European Commission logo
English English
CORDIS - EU research results

Security Assurance FramEwoRk for neTworked vEhicular teChnology

Article Category

Article available in the following languages:

Building trust in future connected vehicles

Vehicle safety used to be measured in seatbelts and airbags. The emergence of highly networked vehicles means updating our safety parameters, and the SAFERtec project is showing us how.

Digital Economy icon Digital Economy
Transport and Mobility icon Transport and Mobility

Road vehicles are increasingly streaming data to and from the highway infrastructure, as well as between each other – especially in the case of self-driving cars. This demands more rigorous standards that encompass new threats to passengers and pedestrians. The EU has identified aspects of the use of autonomous vehicles which need consideration. The issue of networked cars and cybersecurity throws up its own issues which the EU-supported SAFERtec project analysed. The team then put forward a framework for assuring the security, privacy, reliability and safety of modern vehicles. The project’s consortium focused on two elements of modern automotive technology related to vehicle-to-infrastructure (V2I) communication: the short-range communication link between the vehicle and roadside infrastructure, and the cellular communication link to the cloud-based services. “We did not deal with the introduction of new cybersecurity controls or solutions, but rather tried to comprehensively evaluate the available technology,” says Angelos Amditis, project coordinator of SAFERtec. Numerous approaches have been attempted in the past, including the Common Criteria standard ISO/IEC 15408. These frameworks require an exhaustive series of evaluation tasks to be carried out to approve a new wireless technology. “Evaluating the security level of a system is a very complex, expensive and time-consuming task,” explains Amditis. “The complexity of assurance assessment activities grows almost proportionally with the complexity of the system to evaluate, which itself tends to grow exponentially with its size.” By developing a framework that builds on Common Criteria but is carefully designed for connected vehicles, SAFERtec reduces the time and cost associated with this evaluation process without sacrificing the thoroughness of the checks. “The end product is, to the best of our knowledge, the most complete security assurance framework for the connected vehicle paradigm,” he notes. SAFERtec combines several existing methodologies, including Expression of Needs and Identification of Security Objectives which is an IT risk management guide developed by the French government, and Secure Tropos, a security process used in software development. The new framework also adds privacy requirements to the flagship standard for automotive risk analysis, and provides a modular Protection Profile document which describes the relevant security requirements for the connected vehicle. “To ensure that we account for a large spectrum of threats, we have adopted best practices from industrial fora and also have introduced a modular way to apply the Common Criteria identification of the security objectives and requirements,” says Amditis. If a vulnerability is identified during this evaluation, the developer is obliged to fix the product before it can be used in a vehicle. The project, coordinated by the Institute of Communication and Computer Systems in Athens, Greece, received EUR 3.8 million in support from the EU’s Horizon 2020 fund. Not only did this provide the funding to put together a consortium, notes Amditis, it also covered the cost of developing real-world V2I test beds to trial the SAFERtec framework. The framework is expected to be used by accredited Common Criteria evaluation laboratories, which are employed by car manufacturers and automotive companies to certify new products. Industrial and academic partners are also expected to use it. “Two projects closely related to the SAFERtec work, CitySCAPE and 2CeVau, have already been funded,” adds Amditis. In both cases, a large part of the consortium involved includes SAFERtec partners. “There is an ever-increasing need to establish trust for these vehicular technologies,” concludes Amditis, “and the extent to which the proposed security assurance evaluation tasks are cost-efficient directly relates to the establishment of this trust.”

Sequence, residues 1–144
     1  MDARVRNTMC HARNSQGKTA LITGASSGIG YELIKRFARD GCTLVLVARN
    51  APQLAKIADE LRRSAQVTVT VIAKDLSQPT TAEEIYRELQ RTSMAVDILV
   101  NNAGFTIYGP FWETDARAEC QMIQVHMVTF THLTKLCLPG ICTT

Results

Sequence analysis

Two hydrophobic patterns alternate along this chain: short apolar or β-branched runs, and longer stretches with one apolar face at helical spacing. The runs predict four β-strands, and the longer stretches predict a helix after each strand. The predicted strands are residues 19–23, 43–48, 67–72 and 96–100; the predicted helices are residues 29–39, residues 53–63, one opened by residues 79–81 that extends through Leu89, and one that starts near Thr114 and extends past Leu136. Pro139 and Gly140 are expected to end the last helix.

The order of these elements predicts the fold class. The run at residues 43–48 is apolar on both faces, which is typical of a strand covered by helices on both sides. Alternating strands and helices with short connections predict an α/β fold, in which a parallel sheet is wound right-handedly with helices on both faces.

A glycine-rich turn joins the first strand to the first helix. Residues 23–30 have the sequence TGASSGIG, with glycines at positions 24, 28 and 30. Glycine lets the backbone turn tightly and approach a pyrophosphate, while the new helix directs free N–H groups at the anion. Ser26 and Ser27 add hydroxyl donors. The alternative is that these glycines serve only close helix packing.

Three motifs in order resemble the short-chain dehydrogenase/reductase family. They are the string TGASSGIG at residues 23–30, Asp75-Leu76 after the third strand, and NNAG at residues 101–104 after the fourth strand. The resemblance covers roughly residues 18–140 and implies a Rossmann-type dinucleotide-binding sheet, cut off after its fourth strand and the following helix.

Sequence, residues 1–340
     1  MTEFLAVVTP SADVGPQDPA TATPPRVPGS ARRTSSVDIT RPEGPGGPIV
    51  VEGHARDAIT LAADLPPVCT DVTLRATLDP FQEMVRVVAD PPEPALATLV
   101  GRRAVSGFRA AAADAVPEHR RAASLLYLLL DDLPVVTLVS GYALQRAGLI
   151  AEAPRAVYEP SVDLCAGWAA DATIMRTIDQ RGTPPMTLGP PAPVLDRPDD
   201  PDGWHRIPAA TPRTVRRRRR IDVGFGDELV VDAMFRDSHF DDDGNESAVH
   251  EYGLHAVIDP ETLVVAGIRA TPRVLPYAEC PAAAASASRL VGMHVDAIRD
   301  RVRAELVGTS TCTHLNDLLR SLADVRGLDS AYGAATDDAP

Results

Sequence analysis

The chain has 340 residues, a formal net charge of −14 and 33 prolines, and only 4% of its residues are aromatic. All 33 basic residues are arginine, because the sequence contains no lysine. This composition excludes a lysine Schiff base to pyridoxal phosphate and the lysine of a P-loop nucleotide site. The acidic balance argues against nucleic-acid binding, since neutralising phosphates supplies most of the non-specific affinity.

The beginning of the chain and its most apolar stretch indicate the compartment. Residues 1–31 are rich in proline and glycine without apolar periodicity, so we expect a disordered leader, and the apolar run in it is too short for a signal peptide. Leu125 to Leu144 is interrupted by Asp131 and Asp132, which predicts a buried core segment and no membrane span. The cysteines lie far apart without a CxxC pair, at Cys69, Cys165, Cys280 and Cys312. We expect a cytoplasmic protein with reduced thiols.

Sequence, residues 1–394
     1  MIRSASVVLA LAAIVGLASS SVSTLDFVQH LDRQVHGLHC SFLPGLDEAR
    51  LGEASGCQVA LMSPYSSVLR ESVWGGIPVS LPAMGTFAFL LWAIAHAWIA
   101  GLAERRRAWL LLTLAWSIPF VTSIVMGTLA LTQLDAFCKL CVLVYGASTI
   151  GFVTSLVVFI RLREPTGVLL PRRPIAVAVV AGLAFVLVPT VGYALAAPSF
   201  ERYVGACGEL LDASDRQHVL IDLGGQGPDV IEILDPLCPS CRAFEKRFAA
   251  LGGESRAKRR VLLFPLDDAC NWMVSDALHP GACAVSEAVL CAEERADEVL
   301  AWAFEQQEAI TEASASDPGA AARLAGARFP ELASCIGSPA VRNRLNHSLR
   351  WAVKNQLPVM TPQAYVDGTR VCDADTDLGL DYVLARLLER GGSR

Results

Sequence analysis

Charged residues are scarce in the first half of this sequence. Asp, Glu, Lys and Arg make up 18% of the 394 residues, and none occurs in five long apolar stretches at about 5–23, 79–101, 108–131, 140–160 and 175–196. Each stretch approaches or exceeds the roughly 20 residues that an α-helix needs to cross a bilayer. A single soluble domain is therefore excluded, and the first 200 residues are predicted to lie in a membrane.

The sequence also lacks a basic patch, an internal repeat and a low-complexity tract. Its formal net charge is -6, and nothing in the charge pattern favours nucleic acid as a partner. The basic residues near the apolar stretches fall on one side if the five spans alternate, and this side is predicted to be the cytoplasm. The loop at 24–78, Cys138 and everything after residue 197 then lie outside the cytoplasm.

SAFERtec, connected, framework, vehicle, technology, assurance, criteria, standard, reliability, safety

Discover other articles in the same domain of application